Everything was going so well. We were officially allowed to enter Azerbaijan on our chosen date, we had just about made it onto the Tbilisi train and Alex had downed Cheddar's remaining wine in celebration. And then Alex got sick (unrelated but most probably aggravated by the wine). Not to get too graphic but toilets on ex-soviet trains are often closed when they get close to stations, making it a severely awkward 5 hours. Sickness of some form continued to dictate the majority of our time in Georgia's capital, peaking during our first evening. We were sat in a lovely traditional duqani, serving up classic, cheap Georgian cuisine in a wooden panelled basement. The only thing that was missing was a menu. Our fool-proof plan of pointing at what somebody else had as way of ordering also backfired and we ended up with a lot of unexpected dishes. Although it was delicious, we couldn't stomach more than a few mouthfuls each and left an insulting amount of waste.

We spent the next day exploring the city, walking from the new town to the old. The city felt very European, mixing traditional culture with modern shopping and cafe districts. Another world relative to the Mazeri mountain life we had experienced only a few days ago. The extravagant, very white architecture and layout reminded us of what Skopje, Macedonia, is currently trying to achieve. We had learnt our lesson from the previous day, choosing to refuel ourselves at Western food chains. Sometimes your body just needs a McDonald's or KFC or Burger King. In our case, it was a Subway, followed by a Dunkin Donuts...


As part of our Georgian experience, we were keen to go to the Sulphur bath district. The Lonely planet recommendation was being refurbished, however we found a very local alternative just up the hill. Expect to pay less to enter the baths if you're a female, and expect to get exactly what you pay for. The experience is much more rewarding for men, who tend to have better and more diverse facilities and use the space for socialising as much as bathing. Alex had access to pools of varying temperatures and a wood-burning sauna. In comparison, the women's seemed a purely cleansing and shaving affair. There is a chance that I got told off by a naked 'masseuse' ('scrubber' may be a more accurate title) for having a water fight with a young girl and made a sharpish exit. Cheddar would like me to point out the institution is also inherently 'mousist', as they refused to let him in the baths at all.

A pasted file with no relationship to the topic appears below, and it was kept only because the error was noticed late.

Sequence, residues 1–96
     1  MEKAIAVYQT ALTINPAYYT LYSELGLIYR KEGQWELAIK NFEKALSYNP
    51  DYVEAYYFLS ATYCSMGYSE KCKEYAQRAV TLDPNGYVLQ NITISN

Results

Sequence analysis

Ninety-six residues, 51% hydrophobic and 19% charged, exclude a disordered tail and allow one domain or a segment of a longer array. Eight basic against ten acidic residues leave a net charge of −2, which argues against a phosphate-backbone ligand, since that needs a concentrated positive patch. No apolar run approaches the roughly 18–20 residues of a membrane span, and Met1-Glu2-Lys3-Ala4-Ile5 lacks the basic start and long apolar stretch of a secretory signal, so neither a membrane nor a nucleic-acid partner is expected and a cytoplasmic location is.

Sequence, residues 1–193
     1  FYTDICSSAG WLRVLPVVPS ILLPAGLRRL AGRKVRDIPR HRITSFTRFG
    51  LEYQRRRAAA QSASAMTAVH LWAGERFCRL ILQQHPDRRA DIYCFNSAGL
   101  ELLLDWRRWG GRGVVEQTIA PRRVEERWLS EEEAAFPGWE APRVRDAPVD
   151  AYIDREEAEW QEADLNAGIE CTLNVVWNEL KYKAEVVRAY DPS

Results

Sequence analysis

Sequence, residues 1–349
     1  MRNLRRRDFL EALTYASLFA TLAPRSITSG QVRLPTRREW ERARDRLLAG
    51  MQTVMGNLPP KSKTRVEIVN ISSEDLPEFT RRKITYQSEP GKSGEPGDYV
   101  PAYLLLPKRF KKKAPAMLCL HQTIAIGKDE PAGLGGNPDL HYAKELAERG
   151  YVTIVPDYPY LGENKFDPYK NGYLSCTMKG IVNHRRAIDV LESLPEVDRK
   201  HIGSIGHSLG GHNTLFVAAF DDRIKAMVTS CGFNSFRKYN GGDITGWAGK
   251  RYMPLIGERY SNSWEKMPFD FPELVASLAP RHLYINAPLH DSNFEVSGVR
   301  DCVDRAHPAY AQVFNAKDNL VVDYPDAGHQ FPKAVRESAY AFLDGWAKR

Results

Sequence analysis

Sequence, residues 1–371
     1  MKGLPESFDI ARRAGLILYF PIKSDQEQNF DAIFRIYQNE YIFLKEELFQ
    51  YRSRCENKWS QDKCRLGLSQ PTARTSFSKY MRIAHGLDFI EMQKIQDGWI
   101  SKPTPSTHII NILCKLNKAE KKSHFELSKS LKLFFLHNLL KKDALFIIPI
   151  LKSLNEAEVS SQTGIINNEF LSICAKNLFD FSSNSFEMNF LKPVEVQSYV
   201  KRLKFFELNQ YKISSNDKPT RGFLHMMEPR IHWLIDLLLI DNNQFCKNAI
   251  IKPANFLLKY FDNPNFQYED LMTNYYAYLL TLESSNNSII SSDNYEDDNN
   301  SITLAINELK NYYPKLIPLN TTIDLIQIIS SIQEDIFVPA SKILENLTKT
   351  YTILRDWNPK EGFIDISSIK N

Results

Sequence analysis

It was a turbulent few days in the Georgian capital, but definitely a place worth spending some time. Alex had barely recovered by the time we were set to board the sleeper train to Baku. 12 hours for a less than 600km journey seemed excessive at the time. Post-Bangladesh, it now sounds like we boarded the bullet train. With only a minor interrogation about our affiliations with Armenia and a look in our bags for any Armenian-esque possessions, we were on our way, steadily chugging along to the capital of Azerbaijan.

Our two weeks in Georgia were as magnificently eventful as we hoped they would be, leaving us wondering what else the Caucasus would have to offer in Azerbaijan. We'll see you there friends, next time!